LT: Could you please explain what this Community Border-Crossing is?
Monare: We have about eight official points of entry into the country from South Africa. On the other hand, we also have what we call community border-crossings which are not official. You saw this as we launched this initiative in Liphiring on Friday; you saw how some Basotho are so close to South Africa. You saw how someone’s residence is so near the borderline that it becomes unfair to restrict such a person from travelling just across to do his or her business. The situation is almost like dividing someone’s garden into two countries; one part of his land is in Lesotho while the other one is on the other side of the country! I grew up there, which is why I remember how, regardless of the borderline, we used to treat each other like one community. It was normal for people to cross the border just to buy traditional beer, drink it there and come home later. This was done on a daily basis and nobody cared whether the cross-border movement was legal or illegal. For me, I prefer using the words formal or informal instead of legal and illegal in this instance.
LT: But how did this happen? Why was the border drawn the way it is now where relatives ended up being split between Lesotho and South Africa?
Monare: South African officials even used some places in Botswana as examples, where you find what is supposed to be one village divided by the border. You find that the villagers are even one tribe. How do you expect such a community to live considering the borderline? It does not make sense that people from Liphiring should travel all the way to faraway official crossing points at Van Rooyen’s Gate or Makhaleng, when all they need is to buy milk from a neighbour just across the border. So against this background, we sat down with our South African counterparts and came up with a plan that is specifically targeted at legalising and easing cross-border movement for these communities right where they are. The current survey we are conducting is set to determine even the number of people who will need those special passes, which I believe will come in the form of stickers to be attached within their passports. This is to say the basic requirement, even before one can qualify for the special sticker, is a passport. The survey will also reveal why these people keep travelling to South Africa.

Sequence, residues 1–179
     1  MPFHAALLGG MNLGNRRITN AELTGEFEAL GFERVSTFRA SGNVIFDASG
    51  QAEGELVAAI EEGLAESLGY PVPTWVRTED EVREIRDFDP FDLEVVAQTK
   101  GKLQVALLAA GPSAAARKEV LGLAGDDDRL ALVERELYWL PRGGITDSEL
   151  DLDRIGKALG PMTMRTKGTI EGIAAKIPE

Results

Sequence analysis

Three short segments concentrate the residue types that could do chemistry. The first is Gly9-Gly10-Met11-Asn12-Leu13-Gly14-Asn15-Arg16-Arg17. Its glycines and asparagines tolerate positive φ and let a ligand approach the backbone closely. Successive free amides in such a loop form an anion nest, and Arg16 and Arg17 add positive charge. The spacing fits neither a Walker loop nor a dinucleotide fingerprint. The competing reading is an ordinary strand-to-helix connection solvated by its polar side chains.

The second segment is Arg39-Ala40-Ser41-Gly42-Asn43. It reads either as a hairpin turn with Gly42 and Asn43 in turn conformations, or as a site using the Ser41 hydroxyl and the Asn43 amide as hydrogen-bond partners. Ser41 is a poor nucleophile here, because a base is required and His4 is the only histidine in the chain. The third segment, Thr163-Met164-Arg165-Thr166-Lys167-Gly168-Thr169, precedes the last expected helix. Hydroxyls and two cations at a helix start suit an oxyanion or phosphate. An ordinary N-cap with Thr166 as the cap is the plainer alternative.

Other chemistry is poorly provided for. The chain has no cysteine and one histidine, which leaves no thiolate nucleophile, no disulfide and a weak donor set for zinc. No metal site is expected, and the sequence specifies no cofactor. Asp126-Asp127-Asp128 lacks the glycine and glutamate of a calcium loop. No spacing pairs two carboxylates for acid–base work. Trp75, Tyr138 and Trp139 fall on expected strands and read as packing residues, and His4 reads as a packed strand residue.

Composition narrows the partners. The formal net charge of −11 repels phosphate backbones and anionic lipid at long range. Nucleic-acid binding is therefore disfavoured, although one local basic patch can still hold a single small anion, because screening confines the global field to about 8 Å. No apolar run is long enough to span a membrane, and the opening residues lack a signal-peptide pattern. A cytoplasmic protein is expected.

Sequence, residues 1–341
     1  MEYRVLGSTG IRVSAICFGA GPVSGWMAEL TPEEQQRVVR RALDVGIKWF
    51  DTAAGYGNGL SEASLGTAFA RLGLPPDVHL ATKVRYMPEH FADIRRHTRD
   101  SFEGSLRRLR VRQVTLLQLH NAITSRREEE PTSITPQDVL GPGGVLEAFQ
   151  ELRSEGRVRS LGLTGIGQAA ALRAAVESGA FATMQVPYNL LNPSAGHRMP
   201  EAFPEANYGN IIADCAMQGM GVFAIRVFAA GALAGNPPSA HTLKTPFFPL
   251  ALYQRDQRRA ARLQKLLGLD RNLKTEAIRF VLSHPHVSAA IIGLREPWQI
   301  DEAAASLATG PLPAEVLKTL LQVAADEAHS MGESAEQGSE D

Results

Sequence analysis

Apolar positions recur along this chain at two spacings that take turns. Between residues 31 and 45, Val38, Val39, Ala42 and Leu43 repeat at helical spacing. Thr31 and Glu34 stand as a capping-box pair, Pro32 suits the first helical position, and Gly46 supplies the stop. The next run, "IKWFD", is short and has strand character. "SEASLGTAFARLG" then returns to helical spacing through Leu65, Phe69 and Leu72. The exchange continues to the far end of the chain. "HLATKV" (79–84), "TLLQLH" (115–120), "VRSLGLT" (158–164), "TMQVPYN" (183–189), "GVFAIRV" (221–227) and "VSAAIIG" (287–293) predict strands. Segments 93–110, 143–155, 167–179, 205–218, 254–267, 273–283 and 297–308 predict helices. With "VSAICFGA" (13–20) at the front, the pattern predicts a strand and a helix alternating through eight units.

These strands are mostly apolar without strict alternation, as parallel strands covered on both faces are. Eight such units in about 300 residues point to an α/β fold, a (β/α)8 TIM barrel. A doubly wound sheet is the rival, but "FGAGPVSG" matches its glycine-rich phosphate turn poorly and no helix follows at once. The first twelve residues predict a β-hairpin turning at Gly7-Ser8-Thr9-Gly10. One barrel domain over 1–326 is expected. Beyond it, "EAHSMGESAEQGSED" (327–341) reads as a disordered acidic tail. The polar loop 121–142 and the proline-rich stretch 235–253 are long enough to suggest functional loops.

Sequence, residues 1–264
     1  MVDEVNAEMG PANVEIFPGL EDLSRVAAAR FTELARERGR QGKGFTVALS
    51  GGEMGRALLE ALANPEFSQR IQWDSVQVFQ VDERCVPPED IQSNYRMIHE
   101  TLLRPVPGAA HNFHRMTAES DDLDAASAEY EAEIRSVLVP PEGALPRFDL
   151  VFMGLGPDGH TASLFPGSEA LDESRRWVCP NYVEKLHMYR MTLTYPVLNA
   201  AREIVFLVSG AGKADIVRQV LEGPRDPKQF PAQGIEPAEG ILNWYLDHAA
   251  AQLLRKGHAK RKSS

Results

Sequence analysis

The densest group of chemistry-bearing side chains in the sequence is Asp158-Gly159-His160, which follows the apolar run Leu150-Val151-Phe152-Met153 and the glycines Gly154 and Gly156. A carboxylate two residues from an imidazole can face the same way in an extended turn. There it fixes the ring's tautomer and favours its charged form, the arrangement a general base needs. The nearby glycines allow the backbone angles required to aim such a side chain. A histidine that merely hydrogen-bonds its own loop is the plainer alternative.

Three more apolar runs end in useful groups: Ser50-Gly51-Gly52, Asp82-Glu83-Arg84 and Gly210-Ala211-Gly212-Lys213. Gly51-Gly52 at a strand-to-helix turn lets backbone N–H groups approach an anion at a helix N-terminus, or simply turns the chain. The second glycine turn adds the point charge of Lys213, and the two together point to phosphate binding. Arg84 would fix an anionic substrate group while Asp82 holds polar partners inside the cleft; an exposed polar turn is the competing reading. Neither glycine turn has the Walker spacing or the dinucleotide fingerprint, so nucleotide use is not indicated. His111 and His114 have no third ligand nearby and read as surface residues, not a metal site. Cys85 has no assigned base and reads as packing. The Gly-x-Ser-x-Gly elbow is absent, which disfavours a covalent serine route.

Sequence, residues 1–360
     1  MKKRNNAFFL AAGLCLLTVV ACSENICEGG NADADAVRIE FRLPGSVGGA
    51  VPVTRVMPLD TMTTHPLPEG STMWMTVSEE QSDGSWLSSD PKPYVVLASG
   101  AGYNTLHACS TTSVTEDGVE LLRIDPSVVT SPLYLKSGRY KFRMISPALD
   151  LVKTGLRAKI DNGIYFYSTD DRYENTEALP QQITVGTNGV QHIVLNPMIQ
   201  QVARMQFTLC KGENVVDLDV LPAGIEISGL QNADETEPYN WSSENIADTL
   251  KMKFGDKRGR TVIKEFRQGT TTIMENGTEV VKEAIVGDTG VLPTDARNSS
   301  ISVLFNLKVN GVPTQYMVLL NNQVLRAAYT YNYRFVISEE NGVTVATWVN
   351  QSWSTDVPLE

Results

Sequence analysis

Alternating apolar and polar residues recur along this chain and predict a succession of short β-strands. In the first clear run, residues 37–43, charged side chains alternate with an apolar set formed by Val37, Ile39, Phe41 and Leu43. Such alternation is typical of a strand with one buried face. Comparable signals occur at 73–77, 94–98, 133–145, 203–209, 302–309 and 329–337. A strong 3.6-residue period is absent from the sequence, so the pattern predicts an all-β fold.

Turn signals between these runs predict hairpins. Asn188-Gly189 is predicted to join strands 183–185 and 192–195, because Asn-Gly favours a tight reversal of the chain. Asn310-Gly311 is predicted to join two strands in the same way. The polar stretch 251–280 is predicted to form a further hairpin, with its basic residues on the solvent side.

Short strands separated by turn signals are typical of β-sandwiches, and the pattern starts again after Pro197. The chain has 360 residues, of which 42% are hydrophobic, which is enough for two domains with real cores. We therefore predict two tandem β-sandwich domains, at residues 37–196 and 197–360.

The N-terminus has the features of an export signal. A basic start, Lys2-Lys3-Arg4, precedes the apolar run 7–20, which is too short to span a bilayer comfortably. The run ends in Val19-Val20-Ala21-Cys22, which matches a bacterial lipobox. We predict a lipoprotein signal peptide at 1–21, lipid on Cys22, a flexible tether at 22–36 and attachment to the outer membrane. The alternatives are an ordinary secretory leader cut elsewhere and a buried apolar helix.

LT: What is going to happen after the survey?
Monare: At the end of the survey, a report with details about the number of people and the reasons why they need that special document, will be issued. We will then see which of these community border-gates should be opened for them. The fact is whether we like it or not, they are still crossing informally. So really, we need to regularise the movement.